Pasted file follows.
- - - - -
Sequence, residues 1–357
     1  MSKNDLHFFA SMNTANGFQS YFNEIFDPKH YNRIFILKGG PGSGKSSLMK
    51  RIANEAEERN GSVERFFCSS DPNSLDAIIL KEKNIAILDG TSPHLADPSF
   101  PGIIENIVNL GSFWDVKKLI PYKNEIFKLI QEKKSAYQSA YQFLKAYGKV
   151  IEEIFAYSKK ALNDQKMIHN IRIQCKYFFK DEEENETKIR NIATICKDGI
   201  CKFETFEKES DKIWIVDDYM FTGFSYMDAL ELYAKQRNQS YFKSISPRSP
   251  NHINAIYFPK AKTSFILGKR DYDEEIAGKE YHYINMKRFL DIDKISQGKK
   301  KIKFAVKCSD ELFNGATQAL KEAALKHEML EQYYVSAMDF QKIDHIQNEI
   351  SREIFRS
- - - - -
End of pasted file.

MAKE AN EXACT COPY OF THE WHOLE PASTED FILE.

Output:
Sequence, residues 1–357
     1  MSKNDLHFFA SMNTANGFQS YFNEIFDPKH YNRIFILKGG PGSGKSSLMK
    51  RIANEAEERN GSVERFFCSS DPNSLDAIIL KEKNIAILDG TSPHLADPSF
   101  PGIIENIVNL GSFWDVKKLI PYKNEIFKLI QEKKSAYQSA YQFLKAYGKV
   151  IEEIFAYSKK ALNDQKMIHN IRIQCKYFFK DEEENETKIR NIATICKDGI
   201  CKFETFEKES DKIWIVDDYM FTGFSYMDAL ELYAKQRNQS YFKSISPRSP
   251  NHINAIYFPK AKTSFILGKR DYDEEIAGKE YHYINMKRFL DIDKISQGKK
   301  KIKFAVKCSD ELFNGATQAL KEAALKHEML EQYYVSAMDF QKIDHIQNEI
   351  SREIFRS